That’s what I think of the future.
A solid wall of affirmation turns the covers down.
Maybe, as in the case of Happy Gilmore and his hockey, I am made
for other things. Other things made me, not the horses nor the holiday but
baking gently to myself out of the gate.
Telling the Future Off, by a poet well known in the blogosphere, has the feel of a loose serial autobiography, but Young brings an impressive music to its catalogue of imbalances.
The Best of My Love, a slim volume by Aaron Kiely, is the most understated of the books reviewed here. Its three pieces—“ Poem,” “Novel,” and “Untitled”— read as a response to trauma, its repetitions at once instilling a sense of obsessive return to the site of self-divorce and, mantra-like, suggestive of psychic protection against life’s vicissitudes. One might tag the book’s various calls to openness to the body and the other “Whitmanesque,” but Kiely is haunted by a sense of personal vacancy:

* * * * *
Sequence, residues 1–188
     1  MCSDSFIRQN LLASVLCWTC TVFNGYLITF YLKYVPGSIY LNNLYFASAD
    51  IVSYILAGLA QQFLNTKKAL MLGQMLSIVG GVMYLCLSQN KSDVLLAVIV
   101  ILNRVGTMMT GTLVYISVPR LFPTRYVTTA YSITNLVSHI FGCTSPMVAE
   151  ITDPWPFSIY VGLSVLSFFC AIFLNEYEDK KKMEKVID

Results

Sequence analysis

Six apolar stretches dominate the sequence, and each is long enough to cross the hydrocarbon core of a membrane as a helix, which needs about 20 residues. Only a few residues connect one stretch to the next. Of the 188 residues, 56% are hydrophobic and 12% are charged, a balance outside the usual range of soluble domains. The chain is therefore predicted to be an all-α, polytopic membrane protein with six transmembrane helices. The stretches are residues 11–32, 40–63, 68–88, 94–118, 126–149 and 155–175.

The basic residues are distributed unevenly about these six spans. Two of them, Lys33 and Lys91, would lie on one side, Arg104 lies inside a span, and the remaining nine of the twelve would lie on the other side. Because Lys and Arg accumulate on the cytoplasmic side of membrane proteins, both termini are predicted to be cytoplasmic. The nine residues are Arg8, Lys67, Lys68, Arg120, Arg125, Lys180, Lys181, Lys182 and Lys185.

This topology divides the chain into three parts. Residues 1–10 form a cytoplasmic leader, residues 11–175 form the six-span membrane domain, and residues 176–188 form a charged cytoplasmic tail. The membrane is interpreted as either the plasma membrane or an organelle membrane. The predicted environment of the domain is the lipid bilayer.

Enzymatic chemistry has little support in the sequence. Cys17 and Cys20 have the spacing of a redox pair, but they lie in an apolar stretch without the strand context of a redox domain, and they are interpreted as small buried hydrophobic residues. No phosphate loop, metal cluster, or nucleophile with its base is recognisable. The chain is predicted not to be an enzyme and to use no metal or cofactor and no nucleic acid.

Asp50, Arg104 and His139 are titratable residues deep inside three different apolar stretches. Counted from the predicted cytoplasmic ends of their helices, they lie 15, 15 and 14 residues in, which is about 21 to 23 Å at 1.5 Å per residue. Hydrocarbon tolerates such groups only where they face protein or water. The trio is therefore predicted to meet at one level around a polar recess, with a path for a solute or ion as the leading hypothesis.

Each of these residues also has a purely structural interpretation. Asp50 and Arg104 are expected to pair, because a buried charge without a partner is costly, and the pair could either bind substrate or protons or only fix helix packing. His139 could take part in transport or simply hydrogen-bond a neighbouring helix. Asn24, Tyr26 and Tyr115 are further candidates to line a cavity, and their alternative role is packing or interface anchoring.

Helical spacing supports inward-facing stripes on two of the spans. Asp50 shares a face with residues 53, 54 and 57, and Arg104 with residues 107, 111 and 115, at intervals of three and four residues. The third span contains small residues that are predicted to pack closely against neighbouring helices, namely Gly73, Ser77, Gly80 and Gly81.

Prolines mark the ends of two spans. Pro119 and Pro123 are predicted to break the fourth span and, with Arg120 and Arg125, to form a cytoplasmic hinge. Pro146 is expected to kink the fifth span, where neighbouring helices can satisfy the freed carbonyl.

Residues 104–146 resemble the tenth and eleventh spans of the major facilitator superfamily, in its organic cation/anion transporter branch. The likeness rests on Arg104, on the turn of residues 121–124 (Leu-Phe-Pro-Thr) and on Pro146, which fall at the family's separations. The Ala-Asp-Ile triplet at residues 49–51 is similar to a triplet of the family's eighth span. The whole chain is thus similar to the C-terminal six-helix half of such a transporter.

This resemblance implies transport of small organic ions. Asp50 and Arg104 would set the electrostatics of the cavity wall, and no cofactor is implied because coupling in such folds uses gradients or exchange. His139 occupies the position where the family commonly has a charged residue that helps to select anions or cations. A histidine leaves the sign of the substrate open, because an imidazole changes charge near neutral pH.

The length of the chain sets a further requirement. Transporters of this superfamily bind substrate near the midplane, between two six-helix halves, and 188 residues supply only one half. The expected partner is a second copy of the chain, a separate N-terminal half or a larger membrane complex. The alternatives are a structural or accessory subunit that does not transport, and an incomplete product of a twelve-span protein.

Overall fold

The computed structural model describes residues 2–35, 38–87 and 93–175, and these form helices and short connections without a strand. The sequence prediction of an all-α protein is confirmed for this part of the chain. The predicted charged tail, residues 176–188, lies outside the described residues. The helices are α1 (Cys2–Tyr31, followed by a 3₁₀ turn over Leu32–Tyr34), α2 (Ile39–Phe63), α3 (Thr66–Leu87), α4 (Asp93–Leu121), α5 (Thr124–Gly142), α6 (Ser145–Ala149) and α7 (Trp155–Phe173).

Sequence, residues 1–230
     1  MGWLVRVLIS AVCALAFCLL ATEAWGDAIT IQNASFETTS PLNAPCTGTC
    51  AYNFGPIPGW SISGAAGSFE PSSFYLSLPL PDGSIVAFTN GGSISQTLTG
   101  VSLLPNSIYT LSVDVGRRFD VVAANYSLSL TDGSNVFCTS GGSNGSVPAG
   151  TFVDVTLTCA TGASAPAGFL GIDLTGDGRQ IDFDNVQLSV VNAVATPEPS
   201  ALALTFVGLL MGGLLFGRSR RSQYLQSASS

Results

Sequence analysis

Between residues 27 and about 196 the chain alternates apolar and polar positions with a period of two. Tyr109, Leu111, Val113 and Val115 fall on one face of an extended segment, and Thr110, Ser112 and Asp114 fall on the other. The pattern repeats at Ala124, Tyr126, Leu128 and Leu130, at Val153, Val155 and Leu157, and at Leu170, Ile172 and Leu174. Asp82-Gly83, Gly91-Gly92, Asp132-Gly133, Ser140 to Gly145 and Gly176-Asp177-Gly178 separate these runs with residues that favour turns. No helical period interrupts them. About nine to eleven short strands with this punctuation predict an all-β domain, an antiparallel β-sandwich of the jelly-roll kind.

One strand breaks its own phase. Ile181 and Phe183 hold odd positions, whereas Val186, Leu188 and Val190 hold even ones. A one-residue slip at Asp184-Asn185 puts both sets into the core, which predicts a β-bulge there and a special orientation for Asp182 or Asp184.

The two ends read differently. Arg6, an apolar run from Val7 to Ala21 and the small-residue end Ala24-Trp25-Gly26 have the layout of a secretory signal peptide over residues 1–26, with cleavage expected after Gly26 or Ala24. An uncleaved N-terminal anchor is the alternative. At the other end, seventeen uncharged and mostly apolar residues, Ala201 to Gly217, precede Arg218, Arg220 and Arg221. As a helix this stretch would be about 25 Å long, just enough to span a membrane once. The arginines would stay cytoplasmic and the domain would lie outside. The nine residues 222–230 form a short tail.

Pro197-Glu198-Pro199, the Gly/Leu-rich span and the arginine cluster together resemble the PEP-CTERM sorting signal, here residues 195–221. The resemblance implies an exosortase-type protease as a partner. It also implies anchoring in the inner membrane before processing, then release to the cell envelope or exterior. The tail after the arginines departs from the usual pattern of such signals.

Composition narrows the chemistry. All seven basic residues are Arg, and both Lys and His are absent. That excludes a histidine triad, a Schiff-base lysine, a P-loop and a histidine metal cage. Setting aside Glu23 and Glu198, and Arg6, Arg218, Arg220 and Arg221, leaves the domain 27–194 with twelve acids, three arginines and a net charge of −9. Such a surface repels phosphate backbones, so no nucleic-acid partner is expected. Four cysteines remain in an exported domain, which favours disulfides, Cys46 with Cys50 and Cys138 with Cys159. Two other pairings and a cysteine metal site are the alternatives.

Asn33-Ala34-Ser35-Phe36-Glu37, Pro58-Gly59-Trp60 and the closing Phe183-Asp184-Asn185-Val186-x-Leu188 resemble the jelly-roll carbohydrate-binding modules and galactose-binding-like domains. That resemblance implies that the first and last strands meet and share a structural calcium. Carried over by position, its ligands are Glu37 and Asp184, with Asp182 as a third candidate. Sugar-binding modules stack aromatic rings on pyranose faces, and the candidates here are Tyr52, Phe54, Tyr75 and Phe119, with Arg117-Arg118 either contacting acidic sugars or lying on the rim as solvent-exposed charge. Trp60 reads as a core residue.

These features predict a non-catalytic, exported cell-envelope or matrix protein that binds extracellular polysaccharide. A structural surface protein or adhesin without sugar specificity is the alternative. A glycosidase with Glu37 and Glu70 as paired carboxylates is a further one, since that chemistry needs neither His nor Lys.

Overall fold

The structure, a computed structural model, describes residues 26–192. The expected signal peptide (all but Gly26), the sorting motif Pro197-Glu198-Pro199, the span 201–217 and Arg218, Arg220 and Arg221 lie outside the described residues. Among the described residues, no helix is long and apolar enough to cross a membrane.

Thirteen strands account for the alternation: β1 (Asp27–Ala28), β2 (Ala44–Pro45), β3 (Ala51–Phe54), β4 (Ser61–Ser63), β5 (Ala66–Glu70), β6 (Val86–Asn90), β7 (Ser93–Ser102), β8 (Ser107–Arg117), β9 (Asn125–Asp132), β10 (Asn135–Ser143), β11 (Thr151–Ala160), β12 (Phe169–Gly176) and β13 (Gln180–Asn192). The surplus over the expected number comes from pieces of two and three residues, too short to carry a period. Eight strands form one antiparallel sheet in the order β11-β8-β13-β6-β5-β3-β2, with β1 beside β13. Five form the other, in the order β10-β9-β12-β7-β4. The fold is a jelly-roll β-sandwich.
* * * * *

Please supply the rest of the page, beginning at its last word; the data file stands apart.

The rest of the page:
I don’t want to make plans for the body
I just want to be the body
I don’t want plans or thoughts unless they’re pure love
. . .
thoughts that separate people
eventually separate people
thoughts that don’t love the body
don’t let the body love
The verses are so artless that they risk seeming less like poetry than a mere sketch (Whitman was likewise accused). But the method really takes hold in the final section, called “Untitled”: